Another way to improve a dog’s ability to be alone is by using commands. We can teach our dog to sit and stay in a room alone while we walk around the house.
After completing this task, reward the dog with a treat and try again for longer. Gradually increasing the time they spend alone in the room will only improve how they do when they are alone in the house.
This is the best long-term solution to deal with Labrador separation anxiety, but it requires an initial commitment by the owner to go through the training steps.
Signs Of A Labrador Struggling With Separation Anxiety
When a Labrador is struggling with anxiety, it can be caused by separation, grief, or fear of abandonment. Most dog owners find this to be a complex condition to deal with at first.
For anybody unsure of separation anxiety behavior, whining, barking, destructive behavior, accidents in the house, or nervous pacing are all common occurrences.
Whining Or Barking
A common sign of a Labrador struggling with anxiety is a consistent whining noise or regular barking. This is especially true when their owner leaves the house, and they are alone.
Don’t be alarmed by a few barks when walking out the door. But regular and consistent barking while alone in the house typically indicates the dog struggles with separation anxiety.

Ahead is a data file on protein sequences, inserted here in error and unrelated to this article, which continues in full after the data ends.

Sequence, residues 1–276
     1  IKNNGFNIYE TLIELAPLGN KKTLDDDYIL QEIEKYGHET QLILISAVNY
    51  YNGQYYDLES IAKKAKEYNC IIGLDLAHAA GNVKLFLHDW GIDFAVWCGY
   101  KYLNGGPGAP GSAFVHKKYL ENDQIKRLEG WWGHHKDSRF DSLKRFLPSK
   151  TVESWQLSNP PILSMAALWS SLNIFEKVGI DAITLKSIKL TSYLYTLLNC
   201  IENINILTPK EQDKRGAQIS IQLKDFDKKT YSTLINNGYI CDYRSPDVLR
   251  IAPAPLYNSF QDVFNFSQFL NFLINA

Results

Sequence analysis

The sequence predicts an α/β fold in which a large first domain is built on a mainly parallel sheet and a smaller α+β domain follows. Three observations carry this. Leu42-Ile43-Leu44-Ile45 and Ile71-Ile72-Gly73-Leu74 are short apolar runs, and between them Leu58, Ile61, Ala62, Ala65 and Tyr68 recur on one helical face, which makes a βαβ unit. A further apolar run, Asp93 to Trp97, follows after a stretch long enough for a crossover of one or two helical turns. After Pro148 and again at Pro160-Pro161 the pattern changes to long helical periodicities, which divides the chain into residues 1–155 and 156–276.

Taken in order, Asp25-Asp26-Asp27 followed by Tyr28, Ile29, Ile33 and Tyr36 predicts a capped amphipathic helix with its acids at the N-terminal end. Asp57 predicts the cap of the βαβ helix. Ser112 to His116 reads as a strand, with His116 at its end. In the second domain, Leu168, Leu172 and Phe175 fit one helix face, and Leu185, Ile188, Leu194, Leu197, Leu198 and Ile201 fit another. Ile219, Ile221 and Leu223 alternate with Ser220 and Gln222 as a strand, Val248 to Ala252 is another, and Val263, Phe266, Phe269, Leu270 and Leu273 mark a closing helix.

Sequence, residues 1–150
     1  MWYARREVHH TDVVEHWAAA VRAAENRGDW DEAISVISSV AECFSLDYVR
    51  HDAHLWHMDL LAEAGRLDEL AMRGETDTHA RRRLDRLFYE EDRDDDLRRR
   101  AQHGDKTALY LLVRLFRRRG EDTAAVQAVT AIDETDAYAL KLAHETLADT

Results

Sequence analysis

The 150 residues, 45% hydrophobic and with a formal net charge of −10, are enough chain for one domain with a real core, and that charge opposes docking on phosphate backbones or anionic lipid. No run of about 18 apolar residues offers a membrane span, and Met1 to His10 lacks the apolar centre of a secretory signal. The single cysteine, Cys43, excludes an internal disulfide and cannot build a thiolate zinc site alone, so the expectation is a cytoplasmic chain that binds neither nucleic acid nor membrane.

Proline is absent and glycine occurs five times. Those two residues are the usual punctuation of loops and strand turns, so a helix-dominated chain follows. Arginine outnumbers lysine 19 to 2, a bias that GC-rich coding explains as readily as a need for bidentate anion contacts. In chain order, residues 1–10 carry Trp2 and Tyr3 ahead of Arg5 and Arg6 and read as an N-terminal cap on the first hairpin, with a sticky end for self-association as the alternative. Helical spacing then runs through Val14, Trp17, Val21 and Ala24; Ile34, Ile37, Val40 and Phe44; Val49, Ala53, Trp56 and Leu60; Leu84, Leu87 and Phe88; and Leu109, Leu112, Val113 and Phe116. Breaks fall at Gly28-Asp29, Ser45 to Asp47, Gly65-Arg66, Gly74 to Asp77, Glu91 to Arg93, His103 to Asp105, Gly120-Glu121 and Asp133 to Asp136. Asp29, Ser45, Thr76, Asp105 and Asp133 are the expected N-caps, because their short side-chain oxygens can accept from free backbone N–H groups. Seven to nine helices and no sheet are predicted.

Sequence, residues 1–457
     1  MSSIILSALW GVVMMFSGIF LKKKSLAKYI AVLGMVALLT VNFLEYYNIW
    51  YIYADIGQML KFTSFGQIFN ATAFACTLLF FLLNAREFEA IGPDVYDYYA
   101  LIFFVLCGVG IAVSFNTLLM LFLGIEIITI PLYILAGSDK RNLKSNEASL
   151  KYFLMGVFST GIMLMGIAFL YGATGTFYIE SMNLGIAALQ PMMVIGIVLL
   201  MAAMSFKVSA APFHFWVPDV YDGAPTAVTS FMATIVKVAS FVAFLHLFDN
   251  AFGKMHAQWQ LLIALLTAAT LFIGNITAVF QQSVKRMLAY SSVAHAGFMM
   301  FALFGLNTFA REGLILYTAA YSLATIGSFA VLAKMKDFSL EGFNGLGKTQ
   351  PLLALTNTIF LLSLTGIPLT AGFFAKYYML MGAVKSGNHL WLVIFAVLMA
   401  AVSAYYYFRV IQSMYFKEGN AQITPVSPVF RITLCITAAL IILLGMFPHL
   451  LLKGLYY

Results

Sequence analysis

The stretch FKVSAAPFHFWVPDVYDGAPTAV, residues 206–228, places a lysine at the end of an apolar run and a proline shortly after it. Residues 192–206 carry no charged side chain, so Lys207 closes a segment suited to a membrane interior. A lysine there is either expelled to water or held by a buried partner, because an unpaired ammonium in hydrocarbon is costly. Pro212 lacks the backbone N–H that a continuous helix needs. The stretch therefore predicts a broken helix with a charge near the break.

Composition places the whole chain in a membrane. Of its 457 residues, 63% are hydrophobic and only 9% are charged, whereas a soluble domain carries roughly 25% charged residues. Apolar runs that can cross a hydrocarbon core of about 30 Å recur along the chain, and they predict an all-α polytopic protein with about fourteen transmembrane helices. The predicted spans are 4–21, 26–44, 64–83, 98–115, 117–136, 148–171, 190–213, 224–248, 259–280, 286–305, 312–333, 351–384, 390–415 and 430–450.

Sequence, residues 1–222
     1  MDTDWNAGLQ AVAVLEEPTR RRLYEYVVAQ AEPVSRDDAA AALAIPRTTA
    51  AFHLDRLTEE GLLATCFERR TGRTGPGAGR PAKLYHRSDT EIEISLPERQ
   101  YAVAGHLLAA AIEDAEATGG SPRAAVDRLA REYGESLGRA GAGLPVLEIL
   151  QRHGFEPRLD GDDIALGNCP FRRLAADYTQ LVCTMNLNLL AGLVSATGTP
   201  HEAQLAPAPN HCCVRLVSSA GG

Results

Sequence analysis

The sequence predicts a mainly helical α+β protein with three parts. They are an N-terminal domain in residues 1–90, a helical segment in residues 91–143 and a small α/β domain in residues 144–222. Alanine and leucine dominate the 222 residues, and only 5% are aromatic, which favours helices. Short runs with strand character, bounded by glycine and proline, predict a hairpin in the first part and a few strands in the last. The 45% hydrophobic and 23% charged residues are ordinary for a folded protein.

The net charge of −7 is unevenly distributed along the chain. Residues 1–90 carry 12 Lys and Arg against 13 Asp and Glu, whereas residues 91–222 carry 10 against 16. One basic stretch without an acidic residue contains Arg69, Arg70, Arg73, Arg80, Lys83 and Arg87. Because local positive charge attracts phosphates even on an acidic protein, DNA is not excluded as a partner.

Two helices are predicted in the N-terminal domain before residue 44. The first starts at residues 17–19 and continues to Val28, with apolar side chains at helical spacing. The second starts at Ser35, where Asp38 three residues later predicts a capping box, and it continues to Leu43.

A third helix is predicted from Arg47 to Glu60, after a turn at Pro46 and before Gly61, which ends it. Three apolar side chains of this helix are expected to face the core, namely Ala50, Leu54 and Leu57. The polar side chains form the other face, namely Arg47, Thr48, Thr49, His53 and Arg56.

Labradors are more likely to develop separation anxiety disorder due to their strong loyalty and attachment to humans.
They can get anxious when left alone in the house or yard and may react aggressively or destructively if not given enough attention.
If a Labrador has displayed destructive behavior in the home, like chewing, this is a sign they are struggling with separation anxiety.
Another sign that Labrador struggles with separation anxiety is occasional or frequent accidents when left alone. This is an obvious sign they need more training to help deal with their anxiety issues.
Pacing Around The House Nervously
One thing many Labrador owners notice is their dogs pacing around the house. This is an obvious sign of anxiety and indicates the dog is struggling with separation from its owner or other related anxiety in the home.